Robert Gordon

Greetings from New York City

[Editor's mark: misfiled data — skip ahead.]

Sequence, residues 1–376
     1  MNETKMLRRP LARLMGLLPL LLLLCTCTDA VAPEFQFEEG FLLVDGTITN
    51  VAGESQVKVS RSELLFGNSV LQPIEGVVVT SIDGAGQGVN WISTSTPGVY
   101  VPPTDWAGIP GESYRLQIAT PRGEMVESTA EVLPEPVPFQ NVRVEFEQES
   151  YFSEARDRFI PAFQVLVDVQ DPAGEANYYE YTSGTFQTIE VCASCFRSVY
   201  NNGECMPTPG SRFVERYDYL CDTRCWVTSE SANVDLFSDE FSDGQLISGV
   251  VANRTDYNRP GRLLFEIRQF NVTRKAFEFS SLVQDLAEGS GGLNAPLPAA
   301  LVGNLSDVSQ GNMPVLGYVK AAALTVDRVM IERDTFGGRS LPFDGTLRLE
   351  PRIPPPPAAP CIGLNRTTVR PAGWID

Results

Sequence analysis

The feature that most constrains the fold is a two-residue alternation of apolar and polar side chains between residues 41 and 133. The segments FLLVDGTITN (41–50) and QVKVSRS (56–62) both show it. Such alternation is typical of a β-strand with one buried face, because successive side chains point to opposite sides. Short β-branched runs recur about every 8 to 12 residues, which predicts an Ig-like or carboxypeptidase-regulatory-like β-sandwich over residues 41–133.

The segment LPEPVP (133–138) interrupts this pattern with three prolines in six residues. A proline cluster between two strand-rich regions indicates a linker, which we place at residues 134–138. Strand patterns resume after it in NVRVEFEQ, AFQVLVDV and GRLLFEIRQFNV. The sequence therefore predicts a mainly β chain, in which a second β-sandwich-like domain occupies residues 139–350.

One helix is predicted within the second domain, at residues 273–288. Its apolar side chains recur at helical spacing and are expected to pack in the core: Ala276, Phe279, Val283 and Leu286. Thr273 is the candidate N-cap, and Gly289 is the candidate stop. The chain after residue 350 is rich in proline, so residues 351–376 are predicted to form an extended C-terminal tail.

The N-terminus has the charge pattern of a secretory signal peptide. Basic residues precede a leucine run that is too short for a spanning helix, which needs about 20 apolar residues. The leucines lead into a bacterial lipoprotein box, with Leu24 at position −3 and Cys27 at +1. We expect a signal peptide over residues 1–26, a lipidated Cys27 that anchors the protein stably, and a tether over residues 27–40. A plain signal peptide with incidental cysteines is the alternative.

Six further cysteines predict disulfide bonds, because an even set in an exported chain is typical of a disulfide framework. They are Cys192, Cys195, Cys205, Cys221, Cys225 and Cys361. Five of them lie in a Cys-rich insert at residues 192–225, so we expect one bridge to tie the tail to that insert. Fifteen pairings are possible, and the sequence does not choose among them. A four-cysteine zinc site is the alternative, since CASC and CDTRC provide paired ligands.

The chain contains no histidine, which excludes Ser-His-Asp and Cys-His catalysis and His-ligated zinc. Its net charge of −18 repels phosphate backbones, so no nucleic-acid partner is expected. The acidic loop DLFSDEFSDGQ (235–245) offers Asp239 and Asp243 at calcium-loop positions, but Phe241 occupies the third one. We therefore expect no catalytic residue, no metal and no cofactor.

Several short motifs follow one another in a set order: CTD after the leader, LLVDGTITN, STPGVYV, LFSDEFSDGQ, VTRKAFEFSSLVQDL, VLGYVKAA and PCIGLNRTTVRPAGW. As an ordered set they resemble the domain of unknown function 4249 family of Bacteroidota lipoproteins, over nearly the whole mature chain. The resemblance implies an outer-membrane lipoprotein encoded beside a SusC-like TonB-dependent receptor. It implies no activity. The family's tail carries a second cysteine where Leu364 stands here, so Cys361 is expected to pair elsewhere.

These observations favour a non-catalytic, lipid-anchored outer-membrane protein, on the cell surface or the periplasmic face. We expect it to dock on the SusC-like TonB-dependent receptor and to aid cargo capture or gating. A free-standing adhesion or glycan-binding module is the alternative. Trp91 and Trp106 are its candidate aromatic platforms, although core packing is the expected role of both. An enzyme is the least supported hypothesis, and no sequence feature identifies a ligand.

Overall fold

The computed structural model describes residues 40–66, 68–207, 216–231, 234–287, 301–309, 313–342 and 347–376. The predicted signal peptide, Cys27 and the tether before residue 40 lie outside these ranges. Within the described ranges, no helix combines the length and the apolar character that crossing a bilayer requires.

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As concert documents go, this is an interesting body of work, showcasing highlights of Robert Gordon's live set from across about a decade of shows, most of them featuring Chris Spedding on lead guitar (but three tracks with Danny Gatton). Not only is all of it bracing, but there are even a few surprises, beginning with the opening track, an Elvis Presley-influenced rendition of Graham Gouldman's "Heartful of Soul." It demonstrates just how hard a time Gordon must have had dealing with the British Invasion at the time -- he obviously saw some of the music sympathetically (or he wouldn't have had this number in his set a decade and a half later), but also in completely different terms from its actual practitioners (indeed, he must've seen it in terms a lot like Elvis saw it, from the upper reaches of the music business). But he does make the song work as a Robert Gordon number, and from there he's on much more familiar territory, his voice surging and pulsing in front of some killer guitar by Spedding (and superb bass work by Tony Garnier or Rob Stoner) all over repertory associated with Marshall Crenshaw, Johnny Burnette, Don Covay and Wilson Pickett, and Smokey Robinson & the Miracles, no less. Whether he's rippling through "Undecided" or reinterpreting the Miracles' "One More Heartache," Gordon and company just sweep you along with his energy and charisma, plus some moments of surprising finesse and subtlety. What's more, it's a pleasure to return to this record again and again, just for the flow of the performances -- which is, to be fair, something of an illusion, but a valid one, as this album is assembled from a decade's worth of soundboard tapes. The quality is surprisingly consistent, though the later recordings with Gatton do have more presence to the rhythm section. And while it must be conceded that Danny Gatton's playing is the leanest and meanest here, that means no implicit fault on Spedding's part -- he just articulates the notes slightly better, but with a little less raw power; it's kind of the difference between hearing George Harrison play "Blue Suede Shoes" and hearing Carl Perkins play it; neither one was going to fail an audition in his respective milieu. In any case, if the amount of live Robert Gordon out there on major labels or reissued by Bear Family isn't enough for you, or you want to hear some of the range he really got into in his work in his classic period, this album is for you.

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